Potential China SRB tender helps stabilize falling Rotterdam cobalt prices

Market sources reported that China’s State Reserve Bureau (SRB) is planning to stockpile cobalt metal, which limited cheaper export offers from the country and helped stabilize international cobalt prices on Tuesday August 9

Several market sources told Fastmarkets that the SRB was circulating invitations for an upcoming meeting to find sourcing agents, which supported global sentiment.

The National Food and Strategic Reserves Administration, which overlooks the State Reserves Bureau, did not respond to Fastmarkets’ request for confirmation and comment at the time of publication.

Fastmarkets’ daily price assessment for cobalt standard grade, in-whs Rotterdam was $23.60-25.25 per lb on August 9, unchanged from the previous session.

Market participants said the chatter about the potential stockpiling has led to fewer cheap offers out of China, which had been one of the main factors pressuring cobalt prices down in the international market.

The stable Rotterdam price follows several month-long cobalt price downtrends, which were caused by a collapse of demand that stemmed from strict Covid-19 lockdown measures in key manufacturing provinces across China earlier this year.

Initial talks of a potential tender began circulating in the market following a 12-percentage-point rise in the nearby cobalt metal futures contract on the Wuxi Stainless Steel Exchange on Monday August 8. The contract opened at 300,000 yuan ($44,427.33) per tonne on Monday and reached over 330,000 yuan per tonne at its peak in the day’s trading.

“[The rise] surprised all of us. Some talks said this was attributed to the SRB rumor for purchasing cobalt metal, but currently there is no confirmed news,” an Asia-based trader said.

Some market participants also attributed the jump on the exchange to power cuts across the region, which are expected to tighten supply if prolonged.

Specific volumes are unclear at this stage, but several market participants have said the SRB will potentially stockpile around 2,500 tonnes, with other participants saying they expect a multi-phased purchasing plan.

There is also no insight on what kind of pricing mechanism the SRB will be using if it goes through with the tender.

“I think eventually sooner than later, the SRB [news] will have an impact on Europe, for the time being, a lot of people are seeing it as an announcement effect, and it’ll generate a bounce back” a European trader said.

Based on past tenders, SRB usually opts for cathode material, including both cut and broken cathode, with Chinese brands the only purchase option and state-owned enterprises the only approved participants according to market sources.

A second European trader noted that cheaper units on offer in China have disappeared in the last couple days after talks of a potential SRB tender surfaced.

“This could be the start of something exciting. Now seeing the Chinese low offers all disappear is what the market needed to start any sort of recovery,” the second trader said.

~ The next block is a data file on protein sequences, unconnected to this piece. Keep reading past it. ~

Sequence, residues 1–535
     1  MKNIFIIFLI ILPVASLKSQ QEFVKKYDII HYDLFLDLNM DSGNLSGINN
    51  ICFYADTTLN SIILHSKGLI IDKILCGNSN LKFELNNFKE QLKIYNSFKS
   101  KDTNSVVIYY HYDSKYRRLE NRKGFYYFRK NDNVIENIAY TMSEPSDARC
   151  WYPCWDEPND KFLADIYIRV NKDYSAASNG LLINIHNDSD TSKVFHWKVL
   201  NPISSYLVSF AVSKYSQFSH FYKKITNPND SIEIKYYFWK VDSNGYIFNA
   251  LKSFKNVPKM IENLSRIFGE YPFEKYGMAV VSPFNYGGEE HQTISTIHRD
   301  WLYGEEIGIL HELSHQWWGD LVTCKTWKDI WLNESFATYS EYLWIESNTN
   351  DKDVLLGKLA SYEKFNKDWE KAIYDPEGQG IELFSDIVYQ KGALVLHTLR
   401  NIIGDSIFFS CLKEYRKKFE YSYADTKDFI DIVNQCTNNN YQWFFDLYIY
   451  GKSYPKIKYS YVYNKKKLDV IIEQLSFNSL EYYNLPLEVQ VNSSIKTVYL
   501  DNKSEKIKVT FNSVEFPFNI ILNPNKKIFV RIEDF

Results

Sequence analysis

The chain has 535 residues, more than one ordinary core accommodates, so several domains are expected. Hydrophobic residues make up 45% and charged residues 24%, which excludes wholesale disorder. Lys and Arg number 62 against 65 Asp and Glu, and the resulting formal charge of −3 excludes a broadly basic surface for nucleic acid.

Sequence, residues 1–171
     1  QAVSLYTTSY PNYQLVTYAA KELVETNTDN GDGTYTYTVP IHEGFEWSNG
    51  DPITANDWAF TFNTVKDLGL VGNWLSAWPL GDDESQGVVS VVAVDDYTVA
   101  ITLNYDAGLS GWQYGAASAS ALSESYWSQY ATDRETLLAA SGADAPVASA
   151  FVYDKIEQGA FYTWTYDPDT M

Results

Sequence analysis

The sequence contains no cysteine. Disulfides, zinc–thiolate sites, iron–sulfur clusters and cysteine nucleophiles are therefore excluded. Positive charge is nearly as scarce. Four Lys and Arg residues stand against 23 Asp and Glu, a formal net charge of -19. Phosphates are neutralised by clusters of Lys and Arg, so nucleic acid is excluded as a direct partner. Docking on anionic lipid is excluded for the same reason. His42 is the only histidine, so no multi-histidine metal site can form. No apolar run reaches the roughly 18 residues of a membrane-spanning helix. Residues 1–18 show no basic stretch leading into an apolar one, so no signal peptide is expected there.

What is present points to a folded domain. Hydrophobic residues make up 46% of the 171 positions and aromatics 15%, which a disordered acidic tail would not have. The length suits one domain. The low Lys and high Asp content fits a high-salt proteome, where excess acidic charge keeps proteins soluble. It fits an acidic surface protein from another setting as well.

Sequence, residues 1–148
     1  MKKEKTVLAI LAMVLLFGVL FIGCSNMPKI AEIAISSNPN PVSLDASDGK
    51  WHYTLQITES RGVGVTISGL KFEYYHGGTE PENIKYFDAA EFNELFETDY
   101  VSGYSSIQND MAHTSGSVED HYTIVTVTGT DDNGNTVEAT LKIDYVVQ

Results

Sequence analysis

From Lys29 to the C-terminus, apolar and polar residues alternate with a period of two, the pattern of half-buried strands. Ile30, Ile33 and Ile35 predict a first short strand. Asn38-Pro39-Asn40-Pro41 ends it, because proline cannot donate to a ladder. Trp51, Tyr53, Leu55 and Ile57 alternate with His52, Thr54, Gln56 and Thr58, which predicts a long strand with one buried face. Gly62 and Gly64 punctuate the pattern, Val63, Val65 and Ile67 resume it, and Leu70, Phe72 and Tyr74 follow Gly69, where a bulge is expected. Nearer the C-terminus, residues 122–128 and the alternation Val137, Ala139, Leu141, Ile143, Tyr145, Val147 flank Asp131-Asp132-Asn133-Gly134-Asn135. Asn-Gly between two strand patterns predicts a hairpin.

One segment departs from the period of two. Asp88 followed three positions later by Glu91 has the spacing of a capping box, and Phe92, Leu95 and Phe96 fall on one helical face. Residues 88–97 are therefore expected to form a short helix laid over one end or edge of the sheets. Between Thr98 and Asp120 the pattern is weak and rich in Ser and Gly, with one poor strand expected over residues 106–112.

“It’ll act as a floor, and it will stop the Chinese from offering [metal for export],” the source added.

Some said they expect further confirmation that the government is going to stockpile cobalt before there is any pronounced global effect on prices.

“There’s definitely a lot of talk, but there’s not much info yet. It’s positive for the sentiment, but it’s not a direct impact on the international price,” a third trader said.

Some market participants said downstream cobalt demand in China is weak enough to offset any large rise in prices.

“Cobalt metal prices have been supported due to the sudden rise of prices on China’s exchange, but whether it will keep the upward trend for longer period, I am still holding watchful attitudes as current cobalt [sulfate] sector is still weak due to thin buying,” a Chinese consumer said.

This would mark the first cobalt purchase by the SRB since purchase rumors circulated in December 2020. Before this, the two previous purchases were in September 2020 and February 2016.

What to read next
Spot market premiums for refined nickel products declined sharply in the US following a long period of stagnation. Elsewhere, premiums were stable while Chinese markets re-opened following the Lunar New Year holiday
Japan was where the world’s first lithium-ion battery and hybrid vehicle were made, but the country is aware that its position in the production of both battery materials and battery cells is falling behind its Asian peers, Fastmarkets heard on Tuesday, January 31
Glencore achieved a 40% year-on-year increase in cobalt output during 2022 to a total of 43,800 tonnes, the company said in its annual production report published on Wednesday February 1
A string of of hefty investment announcements in the electric vehicle (EV) battery ecosystem in the United States, taking advantage of incentives arising from country’s 2022 Inflation Reduction Act (IRA), have raised concerns in Europe about falling behind in the EV market
General Motors (GM) is investing $650 million to develop the Thacker Pass mine in Nevada, the largest known source of lithium in the US and the third largest in the world
Australia-based cobalt and nickel supplier Jervois Global has delayed the start of commercial production of cobalt concentrate at its mine in the US state of Idaho, it said in a quarterly update on Monday January 30
We use cookies to provide a personalized site experience.
By continuing to use & browse the site you agree to our Privacy Policy.